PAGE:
What is revelation knowledge? How is it different from head knowledge?
Author, speaker, and Bible teacher Joyce Meyer argues that one of the signs that we’re under attack by the devil is that our mind is full of uncertainty. She contends that this uncertainty is a product of reasoning that has gone “too far”—causing us to question God or our faith. To combat this, Meyer recommends that we lean on revelation knowledge rather than head knowledge.
Read more to learn about Meyer’s notion of revelation knowledge.
Meyer explains that Satan uses “reasoning” to sow seeds of uncertainty in our minds. When our mind is engaged in reasoning, it looks for the logic, or the “why,” behind what we experience. While this curiosity is part of human nature, Meyer cautions that reasoning that leads to confusion has gone “too far.” If we find ourselves reasoning to the point where we’re questioning God’s teachings or our faith, Meyer explains that our search for logic has become a tool for the devil.
Reasoning is dangerous, Meyer explains, because if there is a disagreement between our mind and our spirit, we may reason our way into believing that our rational mind is right and our spirit is wrong. In doing so, we may talk ourselves out of following God’s will. For example, we might talk ourselves out of volunteering at a charity event because we convince ourselves that we have more important things to do and the event will be fine without us. Meyer reminds us that reasoning is subordinate to the spirit in a balanced mind. If logic and reasoning tell us one thing and our spirit tells us another, we should always follow our spirit.
Reasoning can also be dangerous when it makes us question God’s plan for us. This can happen when we have experiences that are difficult for our rational minds to digest—like if we lose our job unexpectedly or a storm damages our property. At such times, we might get caught up asking “why” these things happened, and may end up in a place of confusion and negativity. Meyer advises us to instead turn to our faith, which can help us be at peace with the unanswered “why” behind our experiences more than reasoning can. She explains that God uses unanswered questions in our lives as a way to solidify our faith, helping us focus less on our worldly issues and more on our spirit.
Meyer uses her own experiences to propose that letting go of reasoning brings us closer to God and helps us have a more positive life. She explains that pursuing “head knowledge,” or knowledge from reasoning and logic, can make us unhappy and confused. Instead, she advocates for “revelation knowledge.”
What is revelation knowledge? Meyer describes it as knowledge that comes from God into our spirit. Revelation knowledge, she explains, has allowed her mind to rest.
(Shortform note: Meyer’s discussion of “head knowledge” versus “revelation knowledge” does not go into depth on the limitations or applicability of either. As written, the section suggests that she has “given up” logic and reasoning in general, which seems unrealistic. Her larger message seems to be that logic and reasoning are never-ending pursuits and, as such, if our happiness and peace of mind are contingent upon them, we won’t end up with a positive life.)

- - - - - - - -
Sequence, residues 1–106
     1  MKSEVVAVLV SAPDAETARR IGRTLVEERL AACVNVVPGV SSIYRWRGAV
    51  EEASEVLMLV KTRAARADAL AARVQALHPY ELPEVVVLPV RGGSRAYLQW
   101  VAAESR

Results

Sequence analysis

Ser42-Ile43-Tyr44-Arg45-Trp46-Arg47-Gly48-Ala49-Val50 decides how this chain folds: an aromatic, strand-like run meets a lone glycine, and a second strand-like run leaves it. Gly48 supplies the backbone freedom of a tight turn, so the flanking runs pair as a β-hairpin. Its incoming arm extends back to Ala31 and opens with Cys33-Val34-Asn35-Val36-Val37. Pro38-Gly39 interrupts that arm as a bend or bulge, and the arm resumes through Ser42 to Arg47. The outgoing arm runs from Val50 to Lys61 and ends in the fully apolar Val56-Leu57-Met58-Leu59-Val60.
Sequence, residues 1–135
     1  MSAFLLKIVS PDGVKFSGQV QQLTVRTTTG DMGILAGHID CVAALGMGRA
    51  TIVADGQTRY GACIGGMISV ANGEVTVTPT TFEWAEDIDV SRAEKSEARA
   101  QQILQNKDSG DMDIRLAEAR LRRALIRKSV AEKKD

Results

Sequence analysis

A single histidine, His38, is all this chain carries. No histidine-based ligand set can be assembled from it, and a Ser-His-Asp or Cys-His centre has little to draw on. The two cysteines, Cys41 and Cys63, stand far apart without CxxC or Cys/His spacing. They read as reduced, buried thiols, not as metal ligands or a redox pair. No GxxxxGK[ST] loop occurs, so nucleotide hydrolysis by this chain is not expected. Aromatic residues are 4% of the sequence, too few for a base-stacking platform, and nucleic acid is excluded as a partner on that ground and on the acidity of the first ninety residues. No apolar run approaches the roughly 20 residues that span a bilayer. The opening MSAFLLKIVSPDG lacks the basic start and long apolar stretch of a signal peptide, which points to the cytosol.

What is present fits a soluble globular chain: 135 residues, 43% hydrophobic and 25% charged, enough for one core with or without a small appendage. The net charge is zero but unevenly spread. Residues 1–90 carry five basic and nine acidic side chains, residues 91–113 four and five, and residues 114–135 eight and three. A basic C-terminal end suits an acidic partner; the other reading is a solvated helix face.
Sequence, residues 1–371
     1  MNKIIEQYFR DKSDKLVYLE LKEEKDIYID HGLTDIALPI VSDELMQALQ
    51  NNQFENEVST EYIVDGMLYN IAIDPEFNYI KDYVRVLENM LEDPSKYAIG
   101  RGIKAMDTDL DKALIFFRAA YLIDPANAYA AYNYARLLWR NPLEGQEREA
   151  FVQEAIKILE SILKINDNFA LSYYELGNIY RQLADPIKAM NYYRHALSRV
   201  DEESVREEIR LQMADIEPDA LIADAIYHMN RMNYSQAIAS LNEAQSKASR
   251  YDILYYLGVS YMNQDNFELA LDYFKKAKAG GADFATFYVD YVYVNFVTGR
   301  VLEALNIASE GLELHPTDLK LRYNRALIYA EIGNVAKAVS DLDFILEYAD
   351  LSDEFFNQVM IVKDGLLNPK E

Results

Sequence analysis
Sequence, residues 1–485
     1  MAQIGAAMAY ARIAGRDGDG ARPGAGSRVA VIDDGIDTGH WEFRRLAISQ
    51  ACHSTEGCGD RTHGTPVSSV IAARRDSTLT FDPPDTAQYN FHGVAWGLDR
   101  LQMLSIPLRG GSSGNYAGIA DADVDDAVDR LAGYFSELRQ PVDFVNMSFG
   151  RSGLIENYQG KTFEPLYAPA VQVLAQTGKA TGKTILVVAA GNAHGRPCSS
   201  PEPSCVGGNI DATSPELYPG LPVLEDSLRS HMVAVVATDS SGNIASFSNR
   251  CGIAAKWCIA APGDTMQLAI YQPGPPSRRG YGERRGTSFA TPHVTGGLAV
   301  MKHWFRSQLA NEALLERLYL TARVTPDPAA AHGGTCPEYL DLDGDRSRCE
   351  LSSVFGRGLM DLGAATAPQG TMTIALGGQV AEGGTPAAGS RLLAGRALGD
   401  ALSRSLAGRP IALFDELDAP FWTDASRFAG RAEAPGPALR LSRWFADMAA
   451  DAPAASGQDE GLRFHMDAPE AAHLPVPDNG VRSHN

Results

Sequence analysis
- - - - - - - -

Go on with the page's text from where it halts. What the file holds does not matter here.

|Science Versus Religion? |
Meyer’s discussion of the pursuit of “head knowledge” as something to be overcome rather than celebrated can easily be interpreted as anti-science, as she casts the pursuit of logic and reasoning as antithetical to faith. Her portrayal of logic seems to diverge from the ideas proposed by the Vatican and other leading institutions of the Christian faith, which view science (or “head knowledge”) and religion as complementary rather than at odds with each other.
Some observers point out that some of the most celebrated scientists throughout history have also been Catholics: Descartes, Pascal, Mendel, Pasteur, and Copernicus are just a few examples. In fact, Georges Lemaitre, the cosmologist and Nobel Prize in Physics winner credited with proposing the Big Bang Theory, was a Roman Catholic Priest. Additionally, the Catholic Church has funded institutes of scientific learning (including the Pontifical Academy of Sciences) since the 17th century, and many famous cathedrals worldwide were built not only as places of worship but also as solar observatories.
Pope John Paul ll explained that science and religion complement each other by saying, “Science can purify religion from error and superstition; religion can purify science from idolatry and false absolutes. Each can draw the other into a wider world, a world in which both can flourish.” Therefore, the Church does not ask us to eschew science and reason based on faith but to use our intelligence and curiosity to develop a deeper relationship with God, since, as Christians believe that the universe was created by God, studying God’s creation through science is a way to celebrate His creation.
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Here's what you'll find in our full Battlefield of the Mind summary :
- How the Devil makes it his mission to corrupt our minds with negative thoughts
- How to recognize the signs that Satan is attacking your mind
- How to thwart Satan’s attacks and find happiness and fulfillment